The Spirit of the Laws was Montesquieu’s masterwork, a sweeping analysis of the relationship between political systems and their cultural, geographical, and historical contexts. Written in 1748, it stands as one of the subtlest and most influential works of the Enlightenment, and one of the most controversial—it was banned by the Catholic Church in 1751. It came to have a disproportionate influence on the founders of the United States of America.
Charles de Montesquieu (1689-1755) was born and brought up in Bordeaux and lived his life a subject of the Bourbon monarchy in France. His encounters with politics were largely regional and somewhat leisurely—he was president of the mainly powerless Bordeaux parlement from 1716 to 1728. He attended its meetings even less frequently than most of its indolent members. In 1728, he was elected to the Academie Francaise, and eventually sold his life interest in the presidency of the parlement in order to travel widely.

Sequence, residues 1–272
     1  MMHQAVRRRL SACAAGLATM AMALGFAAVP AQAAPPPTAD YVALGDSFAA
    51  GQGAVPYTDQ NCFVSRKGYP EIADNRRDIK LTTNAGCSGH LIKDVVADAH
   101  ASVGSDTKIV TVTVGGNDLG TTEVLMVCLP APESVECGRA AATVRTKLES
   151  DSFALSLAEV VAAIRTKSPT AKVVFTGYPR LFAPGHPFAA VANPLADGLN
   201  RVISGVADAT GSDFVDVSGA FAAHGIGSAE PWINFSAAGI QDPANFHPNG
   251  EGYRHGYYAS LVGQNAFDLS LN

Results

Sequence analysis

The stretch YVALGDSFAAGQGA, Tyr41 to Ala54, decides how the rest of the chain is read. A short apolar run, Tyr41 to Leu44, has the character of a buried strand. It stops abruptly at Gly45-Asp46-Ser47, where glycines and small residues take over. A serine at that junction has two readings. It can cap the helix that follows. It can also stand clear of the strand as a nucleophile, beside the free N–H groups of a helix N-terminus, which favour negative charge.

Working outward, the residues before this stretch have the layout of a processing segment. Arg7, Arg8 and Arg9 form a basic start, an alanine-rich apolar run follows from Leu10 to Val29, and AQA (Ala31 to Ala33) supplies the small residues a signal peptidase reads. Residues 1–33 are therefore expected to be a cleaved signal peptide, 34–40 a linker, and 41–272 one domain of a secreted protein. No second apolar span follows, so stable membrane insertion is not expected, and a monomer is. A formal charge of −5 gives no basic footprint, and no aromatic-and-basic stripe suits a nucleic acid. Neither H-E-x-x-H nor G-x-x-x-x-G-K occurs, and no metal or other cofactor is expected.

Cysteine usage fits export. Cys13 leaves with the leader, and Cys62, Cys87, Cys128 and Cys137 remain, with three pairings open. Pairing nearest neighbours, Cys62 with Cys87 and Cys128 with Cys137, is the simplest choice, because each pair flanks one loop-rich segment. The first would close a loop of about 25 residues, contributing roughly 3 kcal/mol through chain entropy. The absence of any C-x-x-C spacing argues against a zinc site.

In this section, Montesquieu analyzes the various functions of government—legislative, executive, and judicial—as they were reflected in the laws of eighteenth-century England. He sees in such a structure separate sources of authority for each, and in this separation, an aid to the maintenance of individual liberty. This insight led the American founders to formalize what was casually recognized in the English system and to construct a tri-partite government on lines recommended by this French aristocrat, a government divided into a president, a Congress, and a Supreme Court.
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